But first, talent is probably overrated. Richard Gabriel reflects that talent has little to do with the level of excellence that an individual can attain — only with the speed with which one can attain it. There are exceptions, of course. But a company that sets new employees on a career path, instead of just giving them jobs, will more deeply value your potential to learn than your college grades. It makes sense to scrutinize the track record of a mature market hire only if he or she will be expected to do exactly the same work in their new job as they did in the old one — and that is often not the case.

However, it might not matter that much. First, Deming tells us that quality owes more to the process than to individual performance. Second, schools rarely arm students with the skills they will need to thrive in the corporate world or even in any particular engineering discipline. Practice may follow academic theory or the tenets of basic training if you just land in a job, but they don’t prepare you for the employment opportunities that can launch a career. Industrial practice is always more particular, exacting and contextualized than either educational experience or previous employment can prepare one for. 

That means that employers can’t help but bear the burden of educating new employees. Many corporations have a “mentoring” program to bring new employees on board. While these programs are well-intentioned, they are often superficial. Corporate value systems expect mentors still to complete all their assignments while brining a new colleague into the company, and expect mentees to be “self-directing” in their quest to climb the corporate ladder. Mentors may expend a few days giving the new hire a tour of the premises, tips on standard procedures, admonitions about exigencies and taboos, and an overview of upcoming work assignments. But mentors too often end being just a “safety hatch,” checking up on new employees now and then to ensure that they aren’t stuck, and to be sure that they aren’t doing any damage.

Good mentoring is a partnership, and while it is good to have a single “buddy” who can help bring a new employee on board, it’s a team responsibility. Expect each new employee to detract from the effectiveness of each team member by about 25% for 6 months. If that’s not the case, you’re probably not doing a good job of mentoring — and you’ll pay the price in the long term.

Small Things

Uncle Bob honored me back in 2008 by asking me to pen the foreword to Clean Code (Prentice-Hall, 2008). Though perhaps better known for writing about programming in-the-large, I was being asked by Bob to reflect on the crucial issues of programming-in-the-small. After all, the greatest mansion eventually reduces to its boards and tiles, and the most ambitious creations in software are built brick upon procedural brick. Small things matter.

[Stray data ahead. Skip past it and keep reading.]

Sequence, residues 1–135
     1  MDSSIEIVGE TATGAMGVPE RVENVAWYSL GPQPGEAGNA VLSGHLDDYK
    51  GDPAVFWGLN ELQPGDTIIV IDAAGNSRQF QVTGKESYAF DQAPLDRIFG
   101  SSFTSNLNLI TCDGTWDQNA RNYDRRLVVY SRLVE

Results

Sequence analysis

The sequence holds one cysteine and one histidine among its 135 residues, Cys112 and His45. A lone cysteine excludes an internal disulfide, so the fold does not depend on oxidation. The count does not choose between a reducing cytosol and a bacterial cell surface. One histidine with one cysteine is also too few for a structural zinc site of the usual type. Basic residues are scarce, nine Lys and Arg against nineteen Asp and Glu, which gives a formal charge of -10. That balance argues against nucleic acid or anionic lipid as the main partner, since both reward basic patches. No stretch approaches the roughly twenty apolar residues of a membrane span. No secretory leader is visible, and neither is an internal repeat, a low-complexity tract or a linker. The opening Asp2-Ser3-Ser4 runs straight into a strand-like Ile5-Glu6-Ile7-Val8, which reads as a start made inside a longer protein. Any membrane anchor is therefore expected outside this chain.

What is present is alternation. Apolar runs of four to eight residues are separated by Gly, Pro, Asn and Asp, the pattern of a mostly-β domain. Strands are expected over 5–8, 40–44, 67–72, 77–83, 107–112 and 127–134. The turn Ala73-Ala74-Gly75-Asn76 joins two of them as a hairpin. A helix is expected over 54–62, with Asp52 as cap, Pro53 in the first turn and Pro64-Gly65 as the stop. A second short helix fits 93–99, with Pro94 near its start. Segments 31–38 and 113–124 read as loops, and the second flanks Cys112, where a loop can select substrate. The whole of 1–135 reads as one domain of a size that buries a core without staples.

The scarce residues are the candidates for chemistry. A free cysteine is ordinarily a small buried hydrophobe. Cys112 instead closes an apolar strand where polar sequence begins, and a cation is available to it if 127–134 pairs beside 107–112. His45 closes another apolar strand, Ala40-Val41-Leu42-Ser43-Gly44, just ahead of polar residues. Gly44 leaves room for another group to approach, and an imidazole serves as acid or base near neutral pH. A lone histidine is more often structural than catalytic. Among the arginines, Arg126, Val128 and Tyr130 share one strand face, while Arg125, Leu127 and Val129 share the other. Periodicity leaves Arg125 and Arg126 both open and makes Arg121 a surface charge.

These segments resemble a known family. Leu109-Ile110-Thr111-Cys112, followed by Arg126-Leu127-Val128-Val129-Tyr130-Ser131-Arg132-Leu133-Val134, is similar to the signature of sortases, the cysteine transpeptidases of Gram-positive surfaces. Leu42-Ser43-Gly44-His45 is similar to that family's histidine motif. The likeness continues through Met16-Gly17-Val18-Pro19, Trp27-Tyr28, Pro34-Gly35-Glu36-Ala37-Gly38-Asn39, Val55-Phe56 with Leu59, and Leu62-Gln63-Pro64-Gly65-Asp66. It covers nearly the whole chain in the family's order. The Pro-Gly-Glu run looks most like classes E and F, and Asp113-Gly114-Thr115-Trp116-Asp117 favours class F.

In career, as in architecture and coding, there is a close tie between quality in detail and quality of the whole. We can recall a host of cultural saws that recognize and celebrate that relationship. He who is faithful in little is faithful in much. A stitch in time saves nine. Mighty oaks from little acorns grow. An ounce of prevention is worth a pound of cure. The architect Mies van der Rohe tells us that God is in the details.

A paradox lurks here. A career is a grand notion that transcends decades and thousands of individual acts. No one is under any illusion that we can define a precise career destination and arrive there by taking exactly the right footsteps in exactly the right order. Together, however, steps are guided by an underlying compass needle, a broad goal.

Agile principles lie deeper still: the power of choice to change one’s compass heading. We may do so to adapt to temporally short obstacles. More fundamentally, we can choose to redefine the destination. To unthinkingly plod to a stubbornly fixed destination can be a death-march. The mid-20th-century notion of “taking over Daddy’s business” is one archetype of such paths. Agile careers recreate networks of associations every day, because the world changes too much not to.

Pirsig, in Zen and the Art of Motorcycle Maintenance (William Morrow, 1974), offers a metaphor linking the big picture with crucial details. “To strive only for some future goal is shallow.  ... [I]t is on the sides of the mountain where things grow. Yet, there are no sides without a top. The top defines the sides.”

If the path up the mountain twists and turns, and if we even switch to another mountain now and then, what is the deep, underlying invariant? Pirsig suggests that it might be caring. Caring plays out in the small things of life.  Any destination is the accumulation of thousands of individual acts. So while the compass needle points the way, our daily choices define the path. The destination can be foreseen, but the path is defined only in retrospect.

You can make the grandest claims about being an engineer striving to make the world a better place, but it is a hollow accomplishment if you climb on peoples’ backs to get there. Accomplishment goes deeper than some goal: equally important to what you do is who you are. As Pirsig reminds us:  the journey is on the sides of the mountains.

Caring subsumes a host of ethical preconditions to any career. I opened my foreword to Uncle Bob’s book with an anecdote about a Danish licorice box. Our Ga-Jol licorice boxes all come with a witty saying printed on the inside of the lid. On the morning of the day that I was to write the foreword I opened a box to the admonition,  Ærlighed i små ting er ikke nogen lille ting. “Honesty in small things is not a small thing.” Keep the big picture before you, but attend to excellence, honesty, integrity, beauty, and joy in the small things of life. Big things will follow.